About a month ago, on our “day of clarity” (which I will share more about later), we were pleased to attend a Shiitake Workshop being run by Rory’s very multi-talented and crafty friend, Darin. So, after a glorious breakfast filled with dreams and decisions, we hopped on our bikes in the rain and made our way for north Portland.
Look at all the lovely specimens we had to choose from…
Darin decided to run the workshop after he came across a source for beautiful Oregon Oak limbs that were ideal for Shiitake and Maitake Mushroom Cultivation. Apparently it is pretty difficult to procure the oak in the proper condition, as it MUST be fresh cut winter oak and less than 4 weeks old. He had been looking for years and had finally found the goods in perfect condition.. and we, of course, couldn’t resist the opportunity.
He had all the necessary materials and tools set up so all we had to do was show up and it was awesome. We were excited to learn how to inoculate the oak logs with living mushroom mycelium plugs.
For now our inoculated Oregon Oak is leaning against the north side of our fence where it is kept moist but out of direct sunlight. I believe the log will do just fine especially with all the rain that springtime in Portland brings. We are definitely looking forward to years of harvests with our shiitake mushroom log.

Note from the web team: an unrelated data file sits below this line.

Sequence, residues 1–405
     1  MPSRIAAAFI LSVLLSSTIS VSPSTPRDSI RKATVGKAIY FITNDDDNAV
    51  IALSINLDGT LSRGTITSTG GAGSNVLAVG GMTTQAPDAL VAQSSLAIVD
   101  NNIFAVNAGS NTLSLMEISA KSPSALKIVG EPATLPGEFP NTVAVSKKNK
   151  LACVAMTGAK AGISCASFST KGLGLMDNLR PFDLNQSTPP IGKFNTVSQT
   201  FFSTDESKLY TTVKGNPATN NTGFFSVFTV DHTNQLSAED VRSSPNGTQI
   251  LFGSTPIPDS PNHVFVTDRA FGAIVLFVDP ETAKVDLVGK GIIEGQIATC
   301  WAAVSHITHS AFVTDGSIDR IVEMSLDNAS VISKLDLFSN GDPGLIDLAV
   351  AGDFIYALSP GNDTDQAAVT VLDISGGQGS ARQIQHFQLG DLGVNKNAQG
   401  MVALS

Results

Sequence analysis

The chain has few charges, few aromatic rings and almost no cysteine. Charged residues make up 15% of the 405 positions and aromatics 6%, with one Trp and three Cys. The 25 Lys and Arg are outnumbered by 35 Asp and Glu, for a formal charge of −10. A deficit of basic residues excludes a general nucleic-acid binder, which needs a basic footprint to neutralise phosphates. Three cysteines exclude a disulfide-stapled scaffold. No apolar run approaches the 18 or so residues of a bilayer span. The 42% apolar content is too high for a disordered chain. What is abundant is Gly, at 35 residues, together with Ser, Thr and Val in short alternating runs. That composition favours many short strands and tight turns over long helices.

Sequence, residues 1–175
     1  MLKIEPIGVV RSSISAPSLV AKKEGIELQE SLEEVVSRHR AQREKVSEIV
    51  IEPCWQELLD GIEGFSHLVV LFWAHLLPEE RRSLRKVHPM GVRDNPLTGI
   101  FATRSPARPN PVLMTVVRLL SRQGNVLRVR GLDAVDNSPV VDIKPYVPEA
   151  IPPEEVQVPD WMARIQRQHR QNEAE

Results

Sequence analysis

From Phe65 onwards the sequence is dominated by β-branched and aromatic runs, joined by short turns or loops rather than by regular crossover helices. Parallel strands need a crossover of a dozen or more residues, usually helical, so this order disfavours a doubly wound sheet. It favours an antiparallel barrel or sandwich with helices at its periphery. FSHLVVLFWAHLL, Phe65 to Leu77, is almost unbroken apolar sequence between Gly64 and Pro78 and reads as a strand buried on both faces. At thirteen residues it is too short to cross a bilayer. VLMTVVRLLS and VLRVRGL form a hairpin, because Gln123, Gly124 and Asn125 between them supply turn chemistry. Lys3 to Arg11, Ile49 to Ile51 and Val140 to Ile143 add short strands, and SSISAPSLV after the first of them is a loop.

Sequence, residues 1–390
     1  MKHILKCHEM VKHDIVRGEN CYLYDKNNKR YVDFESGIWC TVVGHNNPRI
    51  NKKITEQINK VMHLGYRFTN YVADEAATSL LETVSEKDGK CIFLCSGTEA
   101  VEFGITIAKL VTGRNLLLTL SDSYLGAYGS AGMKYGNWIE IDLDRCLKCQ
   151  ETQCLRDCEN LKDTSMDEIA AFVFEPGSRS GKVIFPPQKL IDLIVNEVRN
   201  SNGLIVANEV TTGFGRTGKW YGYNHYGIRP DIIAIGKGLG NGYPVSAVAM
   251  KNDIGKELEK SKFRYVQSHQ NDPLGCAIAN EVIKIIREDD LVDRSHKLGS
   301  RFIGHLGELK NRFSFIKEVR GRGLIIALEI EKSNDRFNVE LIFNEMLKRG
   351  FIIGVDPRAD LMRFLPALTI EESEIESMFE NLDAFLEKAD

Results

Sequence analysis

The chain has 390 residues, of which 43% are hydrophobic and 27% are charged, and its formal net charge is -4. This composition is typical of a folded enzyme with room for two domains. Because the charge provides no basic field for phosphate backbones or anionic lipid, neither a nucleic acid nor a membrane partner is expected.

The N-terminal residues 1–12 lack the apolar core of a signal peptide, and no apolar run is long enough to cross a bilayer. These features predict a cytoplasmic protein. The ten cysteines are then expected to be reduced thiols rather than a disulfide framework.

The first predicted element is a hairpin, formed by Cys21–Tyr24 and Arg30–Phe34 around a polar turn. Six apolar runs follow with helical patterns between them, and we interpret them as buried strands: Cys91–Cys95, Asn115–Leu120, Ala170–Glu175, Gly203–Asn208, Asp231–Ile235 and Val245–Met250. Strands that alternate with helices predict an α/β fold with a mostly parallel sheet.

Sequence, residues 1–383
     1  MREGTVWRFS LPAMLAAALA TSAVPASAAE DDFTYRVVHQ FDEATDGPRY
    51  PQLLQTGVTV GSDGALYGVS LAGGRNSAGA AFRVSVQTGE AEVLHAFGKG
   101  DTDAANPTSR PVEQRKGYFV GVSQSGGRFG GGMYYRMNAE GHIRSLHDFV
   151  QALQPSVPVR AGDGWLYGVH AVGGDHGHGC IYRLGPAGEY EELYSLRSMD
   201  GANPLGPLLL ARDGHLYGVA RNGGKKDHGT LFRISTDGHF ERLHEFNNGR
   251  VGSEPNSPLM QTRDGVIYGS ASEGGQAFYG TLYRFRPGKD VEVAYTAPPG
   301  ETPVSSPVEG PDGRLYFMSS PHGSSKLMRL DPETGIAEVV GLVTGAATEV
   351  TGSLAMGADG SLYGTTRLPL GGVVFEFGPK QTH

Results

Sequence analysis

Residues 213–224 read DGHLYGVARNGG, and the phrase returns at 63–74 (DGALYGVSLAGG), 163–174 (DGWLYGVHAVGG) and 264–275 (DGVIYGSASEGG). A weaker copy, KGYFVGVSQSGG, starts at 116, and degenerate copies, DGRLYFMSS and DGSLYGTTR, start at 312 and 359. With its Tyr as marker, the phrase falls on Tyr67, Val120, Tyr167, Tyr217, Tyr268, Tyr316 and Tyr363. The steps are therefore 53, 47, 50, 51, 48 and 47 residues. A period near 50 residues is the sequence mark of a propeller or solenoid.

After choosing our log, Darin showed us the proper way to scrape the log free of moss & other growth..
Darin constructed a measuring tool which would help us to accurately drill holes every 4 inches..
Holding the log, marker and drill was the key to success here…
We made holes all the way down the log and wiped away the shavings in order to fill the hole with spawns..
the shiitake spawns!
Using a hammer, I would tap in the plugs one at a time down the line until they were below the bark line..
Darin followed behind me with some soy based wax, that was heated up, to seal the plugs..
He applied it with an old paint brush..
Any food based wax (soy or cheese etc) will do…
Then you repeat the same process, drilling another line of holes 4inches away from the last row, but on a diagonal (so that the next set of holes aren’t directly next to the first ones). Keep making rows until you are all the way around the log.
There were some smaller mushroom enthusiasts working in the shed…
Just as we were finishing there was a eager youngin’ scraping off her log…
Darin also had a few hand crafted bee hives with observation slots..
Look at em go! Hard at work..
Finished honey comb ready for harvest..
Another homemade beehive for their Mason Bees…
Now… how to get this baby home? (Don’t worry he didn’t actually do this… the dad pictured above was nice enough to drop it off at our house..)